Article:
CORS Defeated

We show how a long-known vulnerability in browsers’ built-in password managers is abused by third-party scripts for tracking on more than a thousand sites. post

All major browsers have built-in login managers that save and automatically fill in username and password data to make the login experience more seamless. The set of heuristics used to determine which login forms will be autofilled varies by browser, but the basic requirement is that a username and password field be available.

Login form autofilling in general doesn’t require user interaction; all of the major browsers will autofill the username (often an email address) immediately, regardless of the visibility of the form. Chrome doesn’t autofill the password field until the user clicks or touches anywhere on the page. Other browsers we tested don’t require user interaction to autofill password fields.

Thus, third-party javascript can retrieve the saved credentials by creating a form with the username and password fields, which will then be autofilled by the login manager.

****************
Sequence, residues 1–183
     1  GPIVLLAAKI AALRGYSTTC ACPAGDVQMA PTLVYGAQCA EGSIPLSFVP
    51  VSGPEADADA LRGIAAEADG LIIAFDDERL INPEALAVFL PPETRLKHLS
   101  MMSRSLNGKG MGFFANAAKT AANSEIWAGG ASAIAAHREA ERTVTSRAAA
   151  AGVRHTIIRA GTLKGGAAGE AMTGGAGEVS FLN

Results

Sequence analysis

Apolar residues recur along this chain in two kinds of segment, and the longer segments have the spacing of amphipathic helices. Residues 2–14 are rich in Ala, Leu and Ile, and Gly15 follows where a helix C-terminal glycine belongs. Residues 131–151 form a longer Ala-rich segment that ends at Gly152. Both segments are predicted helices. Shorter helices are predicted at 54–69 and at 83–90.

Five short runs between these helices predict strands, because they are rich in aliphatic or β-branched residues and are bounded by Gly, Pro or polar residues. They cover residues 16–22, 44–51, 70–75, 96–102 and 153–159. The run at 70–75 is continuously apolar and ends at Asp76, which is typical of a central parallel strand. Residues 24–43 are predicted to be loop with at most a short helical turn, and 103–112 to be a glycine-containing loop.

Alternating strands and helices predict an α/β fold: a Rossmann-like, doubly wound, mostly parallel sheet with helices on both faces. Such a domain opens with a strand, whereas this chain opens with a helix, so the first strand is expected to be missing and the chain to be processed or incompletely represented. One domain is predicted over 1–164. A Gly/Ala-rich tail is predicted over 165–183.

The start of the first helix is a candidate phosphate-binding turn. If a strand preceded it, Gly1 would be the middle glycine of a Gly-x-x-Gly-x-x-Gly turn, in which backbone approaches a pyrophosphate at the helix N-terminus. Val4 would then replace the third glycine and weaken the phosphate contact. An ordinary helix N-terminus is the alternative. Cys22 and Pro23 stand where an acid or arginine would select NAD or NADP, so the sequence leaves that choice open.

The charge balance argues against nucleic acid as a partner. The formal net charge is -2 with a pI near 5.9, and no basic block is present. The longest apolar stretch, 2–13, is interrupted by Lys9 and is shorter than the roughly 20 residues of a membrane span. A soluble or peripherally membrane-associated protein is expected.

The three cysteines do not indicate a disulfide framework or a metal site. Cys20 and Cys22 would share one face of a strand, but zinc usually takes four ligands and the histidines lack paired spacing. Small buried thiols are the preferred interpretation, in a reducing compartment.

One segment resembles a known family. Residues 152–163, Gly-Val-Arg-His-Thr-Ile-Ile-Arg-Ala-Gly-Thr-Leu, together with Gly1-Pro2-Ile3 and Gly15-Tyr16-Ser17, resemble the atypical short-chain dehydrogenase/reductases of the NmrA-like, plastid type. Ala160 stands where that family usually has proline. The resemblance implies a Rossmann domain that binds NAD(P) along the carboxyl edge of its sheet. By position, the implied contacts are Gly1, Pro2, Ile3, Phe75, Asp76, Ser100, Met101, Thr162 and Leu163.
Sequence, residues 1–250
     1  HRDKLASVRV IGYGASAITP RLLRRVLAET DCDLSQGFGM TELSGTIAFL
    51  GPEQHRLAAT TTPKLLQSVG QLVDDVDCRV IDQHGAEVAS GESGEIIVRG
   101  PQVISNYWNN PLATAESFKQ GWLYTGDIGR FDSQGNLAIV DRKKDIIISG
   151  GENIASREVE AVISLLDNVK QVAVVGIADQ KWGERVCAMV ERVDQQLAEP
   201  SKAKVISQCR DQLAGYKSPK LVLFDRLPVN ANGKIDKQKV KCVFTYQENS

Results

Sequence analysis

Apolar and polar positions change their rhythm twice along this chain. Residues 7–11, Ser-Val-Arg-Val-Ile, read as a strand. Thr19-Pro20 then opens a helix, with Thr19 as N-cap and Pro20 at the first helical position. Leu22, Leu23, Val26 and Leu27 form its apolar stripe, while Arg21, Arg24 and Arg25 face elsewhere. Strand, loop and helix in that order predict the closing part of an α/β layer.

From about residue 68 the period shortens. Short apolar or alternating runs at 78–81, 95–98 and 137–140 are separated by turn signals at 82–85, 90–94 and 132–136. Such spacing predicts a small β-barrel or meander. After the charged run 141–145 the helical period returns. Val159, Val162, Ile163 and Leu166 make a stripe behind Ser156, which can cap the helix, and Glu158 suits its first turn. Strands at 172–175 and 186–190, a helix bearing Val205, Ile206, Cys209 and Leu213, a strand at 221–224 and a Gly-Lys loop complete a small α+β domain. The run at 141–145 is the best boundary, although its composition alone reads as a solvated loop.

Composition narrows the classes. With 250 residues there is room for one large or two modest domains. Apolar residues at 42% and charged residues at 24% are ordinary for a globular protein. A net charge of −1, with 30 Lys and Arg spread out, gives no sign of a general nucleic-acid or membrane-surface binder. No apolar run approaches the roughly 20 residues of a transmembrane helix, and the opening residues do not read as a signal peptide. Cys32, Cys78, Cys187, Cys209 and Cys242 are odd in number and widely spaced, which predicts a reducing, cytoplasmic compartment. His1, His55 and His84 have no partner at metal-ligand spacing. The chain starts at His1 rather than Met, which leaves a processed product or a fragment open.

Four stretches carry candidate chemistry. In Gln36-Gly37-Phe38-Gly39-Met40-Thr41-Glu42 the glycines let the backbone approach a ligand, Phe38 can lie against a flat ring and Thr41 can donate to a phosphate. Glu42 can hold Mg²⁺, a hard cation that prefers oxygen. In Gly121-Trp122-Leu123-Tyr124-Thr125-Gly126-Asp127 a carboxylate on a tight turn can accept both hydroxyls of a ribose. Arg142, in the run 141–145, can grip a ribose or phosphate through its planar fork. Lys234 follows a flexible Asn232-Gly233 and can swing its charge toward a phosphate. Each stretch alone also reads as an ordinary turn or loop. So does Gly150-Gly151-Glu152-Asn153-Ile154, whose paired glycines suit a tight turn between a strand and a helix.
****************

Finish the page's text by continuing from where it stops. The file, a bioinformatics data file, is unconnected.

It is clear that the Same-Origin Policy is a poor fit for trust relationships on the web today, and that other security defenses would help. But there is another dilemma for browser vendors: should they defend against this and other similar vulnerabilities, or view it as the publisher’s fault for embedding the third party at all?

Publishers can isolate login forms by putting them on a separate subdomain, which prevents autofill from working on non-login pages.

Users can install ad blockers or tracking protection extensions to prevent tracking by invasive third-party scripts.

The “writeonly form fields” idea can be a promising direction to secure login forms in general. post


Two factor authentication can be compromised page

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